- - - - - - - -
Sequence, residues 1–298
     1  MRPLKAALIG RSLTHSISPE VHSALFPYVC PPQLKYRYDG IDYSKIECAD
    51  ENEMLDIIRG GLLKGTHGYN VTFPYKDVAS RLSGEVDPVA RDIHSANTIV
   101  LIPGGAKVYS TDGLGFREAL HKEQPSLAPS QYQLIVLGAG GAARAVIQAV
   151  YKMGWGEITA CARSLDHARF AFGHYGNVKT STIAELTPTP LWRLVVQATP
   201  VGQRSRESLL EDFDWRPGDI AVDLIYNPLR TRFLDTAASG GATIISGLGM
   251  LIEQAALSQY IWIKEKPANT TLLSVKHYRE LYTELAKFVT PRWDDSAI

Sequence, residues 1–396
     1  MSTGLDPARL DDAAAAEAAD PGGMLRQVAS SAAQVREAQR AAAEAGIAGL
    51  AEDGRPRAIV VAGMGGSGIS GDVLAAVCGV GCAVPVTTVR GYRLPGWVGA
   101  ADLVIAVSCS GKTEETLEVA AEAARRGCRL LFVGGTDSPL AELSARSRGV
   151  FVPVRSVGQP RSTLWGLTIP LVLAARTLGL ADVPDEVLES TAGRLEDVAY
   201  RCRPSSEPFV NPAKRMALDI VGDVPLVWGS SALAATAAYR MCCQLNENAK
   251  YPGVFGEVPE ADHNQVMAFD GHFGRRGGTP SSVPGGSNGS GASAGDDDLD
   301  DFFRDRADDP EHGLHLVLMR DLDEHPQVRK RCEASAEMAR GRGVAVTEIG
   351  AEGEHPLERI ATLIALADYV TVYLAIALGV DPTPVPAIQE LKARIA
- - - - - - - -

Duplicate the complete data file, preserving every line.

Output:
Sequence, residues 1–298
     1  MRPLKAALIG RSLTHSISPE VHSALFPYVC PPQLKYRYDG IDYSKIECAD
    51  ENEMLDIIRG GLLKGTHGYN VTFPYKDVAS RLSGEVDPVA RDIHSANTIV
   101  LIPGGAKVYS TDGLGFREAL HKEQPSLAPS QYQLIVLGAG GAARAVIQAV
   151  YKMGWGEITA CARSLDHARF AFGHYGNVKT STIAELTPTP LWRLVVQATP
   201  VGQRSRESLL EDFDWRPGDI AVDLIYNPLR TRFLDTAASG GATIISGLGM
   251  LIEQAALSQY IWIKEKPANT TLLSVKHYRE LYTELAKFVT PRWDDSAI

Sequence, residues 1–396
     1  MSTGLDPARL DDAAAAEAAD PGGMLRQVAS SAAQVREAQR AAAEAGIAGL
    51  AEDGRPRAIV VAGMGGSGIS GDVLAAVCGV GCAVPVTTVR GYRLPGWVGA
   101  ADLVIAVSCS GKTEETLEVA AEAARRGCRL LFVGGTDSPL AELSARSRGV
   151  FVPVRSVGQP RSTLWGLTIP LVLAARTLGL ADVPDEVLES TAGRLEDVAY
   201  RCRPSSEPFV NPAKRMALDI VGDVPLVWGS SALAATAAYR MCCQLNENAK
   251  YPGVFGEVPE ADHNQVMAFD GHFGRRGGTP SSVPGGSNGS GASAGDDDLD
   301  DFFRDRADDP EHGLHLVLMR DLDEHPQVRK RCEASAEMAR GRGVAVTEIG
   351  AEGEHPLERI ATLIALADYV TVYLAIALGV DPTPVPAIQE LKARIA